Articles Posted in Estate Planning

 

 

When you are putting your estate plan together, one of the advance directives you will want to  create is a Designation of Conservator.  It is probably something you haven’t thought about, or maybe even knew it existed! But it is really important.

What is this Designation of Conservator?  It’s where you decide ahead of time who will manage your affairs – and under what certain circumstances – if you become incapacitated.

So what is a conservator?

A conservator is a person appointed by the probate court to oversee the financial and/or personal affairs of an adult who is determined by the probate court to be incapable of Continue reading

Who Blue cubes. Part of a series.

There are many ways a trustee of a special needs trust could cause harm to a beneficiary, however unintentionally. This is why many people choose to have a disability planning attorney take on this critical role.

Here are 10 things to consider when deciding who should administer a special needs trust:

1. SSI, SSDI, Medicare, Medicaid… sound confusing? It can feel like alphabet soup to the uninitiated. Does the prospective trustee understand the differences between these public benefit programs and the rules that govern them? A trustee with limited understanding could unwittingly jeopardize a beneficiary’s eligibility.

Continue reading

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Do you have to pay tax on all gifts that you give?  For the majority of Americans, the answer is a resounding NO!

So, we all know that the federal government imposes a gift tax, but did you know that only Connecticut imposes a gift tax? Luckily, if you understand how the federal government’s gift tax works, you will understand the Connecticut gift tax, but just in case you don’t, the following is a brief overview.

What is a gift? 

A gift occurs whenever you transfer something to another person or certain trusts for less than the item’s fair market value. Continue reading

iStock_000010559825SmallWho would ever want to pay a gift tax if they did not have to?

The answer: Your children!

Let’s take a closer look at this and let me give you some background.

The IRS has a gift tax. If you are a very generous person who makes lots of big gifts, you may have to pay a tax while you are alive, for the privilege of making that gift. But there are two protections against the tax.

  1. As of the 2021, the IRS has a $11.70 million lifetime federal exemption from any taxable gifts.
  2. There is also an annual exemption from taxable gifts of $15,000, per person and per gift recipient.

How do these interplay? Continue reading

AdobeStock_13026636-3-300x205As parents, we all want what’s best for our children, but we also realize that they don’t always know what’s best for them.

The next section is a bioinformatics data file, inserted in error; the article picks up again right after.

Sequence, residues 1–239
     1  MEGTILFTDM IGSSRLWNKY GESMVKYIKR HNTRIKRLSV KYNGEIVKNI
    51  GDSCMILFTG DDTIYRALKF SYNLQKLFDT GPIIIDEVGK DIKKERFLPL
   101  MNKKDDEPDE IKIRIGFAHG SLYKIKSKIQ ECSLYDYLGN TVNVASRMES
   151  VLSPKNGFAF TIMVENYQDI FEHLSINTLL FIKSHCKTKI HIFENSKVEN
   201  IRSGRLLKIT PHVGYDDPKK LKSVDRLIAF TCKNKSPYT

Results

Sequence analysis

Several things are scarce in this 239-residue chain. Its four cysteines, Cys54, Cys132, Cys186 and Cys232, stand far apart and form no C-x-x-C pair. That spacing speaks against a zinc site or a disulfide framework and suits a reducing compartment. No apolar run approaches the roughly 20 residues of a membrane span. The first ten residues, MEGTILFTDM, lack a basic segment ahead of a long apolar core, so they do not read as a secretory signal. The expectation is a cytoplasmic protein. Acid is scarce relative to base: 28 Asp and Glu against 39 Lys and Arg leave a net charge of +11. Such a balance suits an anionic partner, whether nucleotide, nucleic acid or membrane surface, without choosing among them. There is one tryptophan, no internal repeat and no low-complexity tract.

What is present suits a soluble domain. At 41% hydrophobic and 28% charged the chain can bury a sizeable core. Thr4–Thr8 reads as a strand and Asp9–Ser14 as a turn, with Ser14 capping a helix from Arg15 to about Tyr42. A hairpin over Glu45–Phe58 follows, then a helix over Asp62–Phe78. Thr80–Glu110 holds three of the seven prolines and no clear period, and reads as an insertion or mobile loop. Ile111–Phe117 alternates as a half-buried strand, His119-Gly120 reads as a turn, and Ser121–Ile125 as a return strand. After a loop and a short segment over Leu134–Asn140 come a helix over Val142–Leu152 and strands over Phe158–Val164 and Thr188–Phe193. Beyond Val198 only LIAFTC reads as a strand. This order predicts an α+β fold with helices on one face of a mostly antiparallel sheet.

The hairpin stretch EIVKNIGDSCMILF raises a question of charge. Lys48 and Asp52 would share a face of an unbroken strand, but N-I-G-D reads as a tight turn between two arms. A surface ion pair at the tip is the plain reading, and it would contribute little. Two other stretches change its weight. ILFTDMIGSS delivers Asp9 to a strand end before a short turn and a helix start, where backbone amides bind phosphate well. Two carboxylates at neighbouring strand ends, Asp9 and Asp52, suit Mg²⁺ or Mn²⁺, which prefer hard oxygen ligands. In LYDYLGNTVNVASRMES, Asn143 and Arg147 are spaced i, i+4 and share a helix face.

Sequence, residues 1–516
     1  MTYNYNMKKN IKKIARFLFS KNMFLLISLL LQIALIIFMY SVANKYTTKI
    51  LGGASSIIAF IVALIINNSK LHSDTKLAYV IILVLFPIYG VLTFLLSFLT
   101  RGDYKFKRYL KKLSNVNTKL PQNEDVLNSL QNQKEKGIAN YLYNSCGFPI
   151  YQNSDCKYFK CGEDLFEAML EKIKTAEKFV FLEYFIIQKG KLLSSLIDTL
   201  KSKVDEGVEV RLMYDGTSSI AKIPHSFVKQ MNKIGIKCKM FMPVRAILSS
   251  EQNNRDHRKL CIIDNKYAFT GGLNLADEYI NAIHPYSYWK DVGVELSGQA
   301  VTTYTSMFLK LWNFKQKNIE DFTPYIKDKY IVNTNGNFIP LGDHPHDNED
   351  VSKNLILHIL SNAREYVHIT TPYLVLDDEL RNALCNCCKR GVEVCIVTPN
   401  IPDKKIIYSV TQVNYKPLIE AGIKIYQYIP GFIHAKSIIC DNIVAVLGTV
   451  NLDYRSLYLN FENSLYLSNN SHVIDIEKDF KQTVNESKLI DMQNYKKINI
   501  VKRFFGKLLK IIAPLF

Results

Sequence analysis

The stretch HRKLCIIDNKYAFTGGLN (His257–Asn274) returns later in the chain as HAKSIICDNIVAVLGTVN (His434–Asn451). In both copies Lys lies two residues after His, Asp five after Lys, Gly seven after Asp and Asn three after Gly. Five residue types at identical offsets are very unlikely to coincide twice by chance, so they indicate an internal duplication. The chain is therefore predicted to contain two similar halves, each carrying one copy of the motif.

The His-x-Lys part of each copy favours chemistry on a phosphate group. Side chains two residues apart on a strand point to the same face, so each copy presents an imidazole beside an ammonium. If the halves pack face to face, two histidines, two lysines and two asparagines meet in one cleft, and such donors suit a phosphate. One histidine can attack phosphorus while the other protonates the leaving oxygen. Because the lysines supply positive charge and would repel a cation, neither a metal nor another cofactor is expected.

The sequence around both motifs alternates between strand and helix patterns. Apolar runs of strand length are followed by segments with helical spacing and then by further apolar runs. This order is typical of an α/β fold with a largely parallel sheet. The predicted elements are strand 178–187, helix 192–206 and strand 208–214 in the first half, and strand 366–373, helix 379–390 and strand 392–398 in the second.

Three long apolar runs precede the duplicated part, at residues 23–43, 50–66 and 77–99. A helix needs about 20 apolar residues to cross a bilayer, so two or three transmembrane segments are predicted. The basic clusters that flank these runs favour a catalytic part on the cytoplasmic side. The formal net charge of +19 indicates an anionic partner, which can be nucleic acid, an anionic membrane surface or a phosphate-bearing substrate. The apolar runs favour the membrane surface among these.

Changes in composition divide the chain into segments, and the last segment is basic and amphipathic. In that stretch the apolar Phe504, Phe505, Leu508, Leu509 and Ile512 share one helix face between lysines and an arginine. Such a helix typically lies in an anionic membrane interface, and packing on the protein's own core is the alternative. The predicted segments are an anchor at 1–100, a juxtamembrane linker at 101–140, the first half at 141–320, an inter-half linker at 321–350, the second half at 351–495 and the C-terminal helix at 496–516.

When considering how your financial assets will be distributed upon your death, assessing your children’s level of financial responsibility is a critical component of making effective choices and creating a solution for a lasting legacy.

The truth is, developing good money management skills can take an entire lifetime.

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Yes, 2020 was a year unlike any other. So many challenges. So much negativity. But if we slow down and really think about it, hopefully we can identify some good things learned.

Hopefully, we can place a renewed focus on what’s truly important.

Preparing for your future is one of those things. Making things easier for your loved ones, is another. Take some time in the coming weeks to make sure your estate plan is done and that it’s current. Make it a point to get it done!

Why?

You may think once you’ve had it drafted that, like the old infomercial tagline, you can just “set it, and forget it.”

Wrong!

Even a plan that is only a few years old can be seriously outdated. Continue reading

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If you haven’t yet given thought to what will happen to your vacation home (or other real estate) once you’re gone, please read this!

Mere ownership of real property can trigger not-so-pleasant things such as creditor claims, unnecessary probate, additional tax, and most importantly – ugly family disputes.

Whether it’s a cabin in the woods, a chalet on the mountain, or a cottage by the sea, a family vacation home is the getaway that brings everyone together – a place to make memories.

Powers of attorney are a wonderful tool in the hands of a trustworthy person. But because it comes with a tremendous responsibility, it can also be a dangerous tool in the hands of the wrong person. 

Learn all you can before choosing your power of attorney. We have had too many cases where the wrong choice resulted in exploitation or abuse by a family member or friend.

What is a power of attorney?

A power of attorney is a document where you authorize someone, often called an agent, to act on your behalf should you no longer be able to do so. Examples include paying your bills, managing your investments. Continue reading

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